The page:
George Steiner (Francis George Steiner) Biography
(1929– ), (Francis George Steiner), Tolstoy or Dostoevsky, Language and Silence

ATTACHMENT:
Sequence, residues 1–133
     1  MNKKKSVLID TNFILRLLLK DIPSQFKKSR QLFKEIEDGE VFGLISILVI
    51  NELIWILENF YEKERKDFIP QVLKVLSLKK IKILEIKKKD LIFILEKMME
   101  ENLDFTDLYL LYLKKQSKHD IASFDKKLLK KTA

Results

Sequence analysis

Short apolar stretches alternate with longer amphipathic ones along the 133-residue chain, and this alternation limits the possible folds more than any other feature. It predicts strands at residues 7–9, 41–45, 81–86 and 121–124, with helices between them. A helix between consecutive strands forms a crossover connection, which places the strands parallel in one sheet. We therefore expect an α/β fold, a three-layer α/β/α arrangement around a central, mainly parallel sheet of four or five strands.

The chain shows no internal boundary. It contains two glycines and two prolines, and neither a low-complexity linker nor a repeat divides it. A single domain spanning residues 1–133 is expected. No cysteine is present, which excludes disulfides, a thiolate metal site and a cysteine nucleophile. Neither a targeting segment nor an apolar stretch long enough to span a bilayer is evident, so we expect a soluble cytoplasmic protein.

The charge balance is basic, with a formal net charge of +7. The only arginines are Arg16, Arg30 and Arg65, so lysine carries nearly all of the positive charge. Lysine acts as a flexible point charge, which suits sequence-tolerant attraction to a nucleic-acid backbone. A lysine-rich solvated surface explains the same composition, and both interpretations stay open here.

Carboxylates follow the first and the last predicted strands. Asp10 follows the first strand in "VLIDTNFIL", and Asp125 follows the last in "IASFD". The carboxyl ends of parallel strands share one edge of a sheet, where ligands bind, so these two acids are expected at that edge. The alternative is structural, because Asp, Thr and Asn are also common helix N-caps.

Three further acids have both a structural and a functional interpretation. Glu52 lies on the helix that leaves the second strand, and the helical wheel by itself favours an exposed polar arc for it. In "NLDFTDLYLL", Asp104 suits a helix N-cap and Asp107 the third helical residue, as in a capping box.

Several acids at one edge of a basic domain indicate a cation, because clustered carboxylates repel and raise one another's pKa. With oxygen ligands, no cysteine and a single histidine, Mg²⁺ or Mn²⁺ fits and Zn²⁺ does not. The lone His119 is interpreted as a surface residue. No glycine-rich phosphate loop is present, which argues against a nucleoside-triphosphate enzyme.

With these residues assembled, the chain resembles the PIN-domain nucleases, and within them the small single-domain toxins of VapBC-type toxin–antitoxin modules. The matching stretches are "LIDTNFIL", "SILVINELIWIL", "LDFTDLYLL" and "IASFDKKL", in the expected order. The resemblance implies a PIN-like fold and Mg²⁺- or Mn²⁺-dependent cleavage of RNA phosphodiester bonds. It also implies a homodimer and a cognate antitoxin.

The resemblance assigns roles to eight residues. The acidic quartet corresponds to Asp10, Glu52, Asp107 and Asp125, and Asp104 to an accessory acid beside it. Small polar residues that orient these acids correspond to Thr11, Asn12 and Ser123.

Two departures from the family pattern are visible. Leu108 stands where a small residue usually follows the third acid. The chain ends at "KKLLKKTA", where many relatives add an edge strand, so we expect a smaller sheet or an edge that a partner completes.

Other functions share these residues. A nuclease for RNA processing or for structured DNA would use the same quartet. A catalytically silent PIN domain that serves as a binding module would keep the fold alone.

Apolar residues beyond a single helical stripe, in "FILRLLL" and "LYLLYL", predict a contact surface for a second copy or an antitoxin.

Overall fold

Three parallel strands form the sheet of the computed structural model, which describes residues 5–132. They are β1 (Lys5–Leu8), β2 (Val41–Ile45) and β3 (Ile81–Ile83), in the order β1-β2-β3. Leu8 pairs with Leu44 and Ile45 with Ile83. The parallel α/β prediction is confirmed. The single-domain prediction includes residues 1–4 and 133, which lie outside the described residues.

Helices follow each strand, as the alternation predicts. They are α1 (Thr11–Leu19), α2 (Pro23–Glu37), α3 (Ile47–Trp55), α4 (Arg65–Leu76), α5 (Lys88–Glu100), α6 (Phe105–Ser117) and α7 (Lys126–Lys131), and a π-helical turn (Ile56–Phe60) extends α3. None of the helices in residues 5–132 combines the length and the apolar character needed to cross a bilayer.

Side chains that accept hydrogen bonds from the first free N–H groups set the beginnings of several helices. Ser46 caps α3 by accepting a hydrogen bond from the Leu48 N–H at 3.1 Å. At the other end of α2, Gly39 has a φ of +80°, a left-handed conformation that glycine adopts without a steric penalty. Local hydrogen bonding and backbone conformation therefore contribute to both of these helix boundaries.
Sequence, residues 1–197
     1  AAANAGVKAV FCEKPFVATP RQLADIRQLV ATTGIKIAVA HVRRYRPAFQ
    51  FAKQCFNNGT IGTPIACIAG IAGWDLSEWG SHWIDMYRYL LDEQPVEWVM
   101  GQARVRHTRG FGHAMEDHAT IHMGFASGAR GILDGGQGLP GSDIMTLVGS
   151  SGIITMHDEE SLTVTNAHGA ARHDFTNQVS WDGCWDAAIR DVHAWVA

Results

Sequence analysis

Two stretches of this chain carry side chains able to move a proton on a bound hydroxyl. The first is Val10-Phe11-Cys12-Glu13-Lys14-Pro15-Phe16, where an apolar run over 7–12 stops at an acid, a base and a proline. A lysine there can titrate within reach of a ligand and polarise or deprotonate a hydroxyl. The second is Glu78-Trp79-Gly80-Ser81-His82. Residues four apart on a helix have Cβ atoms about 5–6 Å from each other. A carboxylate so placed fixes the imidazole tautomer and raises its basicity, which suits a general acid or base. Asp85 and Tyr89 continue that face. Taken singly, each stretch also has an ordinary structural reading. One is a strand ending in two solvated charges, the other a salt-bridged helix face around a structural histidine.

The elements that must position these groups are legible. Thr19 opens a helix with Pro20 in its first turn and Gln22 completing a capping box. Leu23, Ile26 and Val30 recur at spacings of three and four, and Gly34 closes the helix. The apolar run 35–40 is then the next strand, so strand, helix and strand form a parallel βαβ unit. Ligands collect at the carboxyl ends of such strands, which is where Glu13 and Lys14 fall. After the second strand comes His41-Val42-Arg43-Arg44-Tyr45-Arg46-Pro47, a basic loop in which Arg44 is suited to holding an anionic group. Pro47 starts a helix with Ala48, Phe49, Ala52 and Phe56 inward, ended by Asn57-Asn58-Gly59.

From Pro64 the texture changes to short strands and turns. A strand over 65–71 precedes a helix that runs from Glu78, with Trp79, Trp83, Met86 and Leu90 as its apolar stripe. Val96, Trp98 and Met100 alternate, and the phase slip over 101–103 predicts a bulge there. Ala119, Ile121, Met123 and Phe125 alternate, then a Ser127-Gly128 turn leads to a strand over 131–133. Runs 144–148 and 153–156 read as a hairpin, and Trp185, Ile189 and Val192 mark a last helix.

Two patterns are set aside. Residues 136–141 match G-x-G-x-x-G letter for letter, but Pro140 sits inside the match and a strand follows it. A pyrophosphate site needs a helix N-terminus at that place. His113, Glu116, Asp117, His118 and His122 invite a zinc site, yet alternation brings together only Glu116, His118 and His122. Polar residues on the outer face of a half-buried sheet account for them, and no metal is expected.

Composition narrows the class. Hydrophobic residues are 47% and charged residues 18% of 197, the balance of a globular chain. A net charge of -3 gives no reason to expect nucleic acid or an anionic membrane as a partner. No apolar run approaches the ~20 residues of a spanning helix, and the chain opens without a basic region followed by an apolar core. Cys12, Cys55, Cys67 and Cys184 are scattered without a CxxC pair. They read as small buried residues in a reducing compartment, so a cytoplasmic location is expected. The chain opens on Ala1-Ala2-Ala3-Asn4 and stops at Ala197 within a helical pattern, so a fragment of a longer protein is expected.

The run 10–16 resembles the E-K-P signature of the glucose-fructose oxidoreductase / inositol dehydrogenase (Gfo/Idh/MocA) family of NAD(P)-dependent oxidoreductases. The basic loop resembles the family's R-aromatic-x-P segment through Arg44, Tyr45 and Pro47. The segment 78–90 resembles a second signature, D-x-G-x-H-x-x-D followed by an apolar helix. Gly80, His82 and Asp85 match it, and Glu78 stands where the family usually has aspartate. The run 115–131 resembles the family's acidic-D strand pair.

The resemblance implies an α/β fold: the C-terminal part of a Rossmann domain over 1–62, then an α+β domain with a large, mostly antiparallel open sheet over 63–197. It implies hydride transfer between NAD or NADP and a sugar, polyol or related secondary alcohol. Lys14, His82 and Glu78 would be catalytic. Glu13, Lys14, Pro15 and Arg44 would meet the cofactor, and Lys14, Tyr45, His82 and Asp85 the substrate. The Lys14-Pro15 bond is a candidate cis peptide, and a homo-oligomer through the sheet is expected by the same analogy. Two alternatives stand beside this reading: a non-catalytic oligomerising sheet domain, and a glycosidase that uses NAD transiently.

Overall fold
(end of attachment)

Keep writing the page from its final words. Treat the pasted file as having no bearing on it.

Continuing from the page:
American critic, born in Paris of Austrian-Jewish parents; from 1940, when his family fled France, he grew up in America. He was educated at the University of Chicago, Harvard, and Balliol College, Oxford. In 1961 he became a fellow of Churchill College, Cambridge, and was appointed Professor of English and Comparative Literature at the University of Geneva in 1974. Much of Steiner's writing is deeply informed by loss of faith in the civilizing power of liberal humanism as a result of modern history's barbaric record of major wars, ruthless totalitarianism, and, most notably, the Nazis' treatment of the Jewish people. His view of literature as inseparable from its broader cultural contexts was clear from Tolstoy or Dostoevsky (1959), his first major publication, which challenged the claims of the New Criticism that social and historical factors are not relevant to literary analysis. Language and Silence (1967) examined the effects of science and mass communications on language and literature, concluding that silence may be the only supportable option for a writer confronted with the twentieth century's moral abnegation. After Babel: Aspects of Language and Translation (1975), widely regarded as his most important work, surveys a remarkable range of literary and linguistic theory in proposing that the intrinsic differences between languages and cultures are of greater significance than their apparent similarities. His other works include Real Presences (1989), in which he argues that meaning in literature and the other arts is ultimately of a moral and metaphysical nature. His best-known work of fiction is The Portage to San Cristobal of A. H. (1979), in which Adolf Hitler, an aged fugitive in South America, speaks in defence of his actions; it was adapted for the stage by Christopher Hampton in 1982.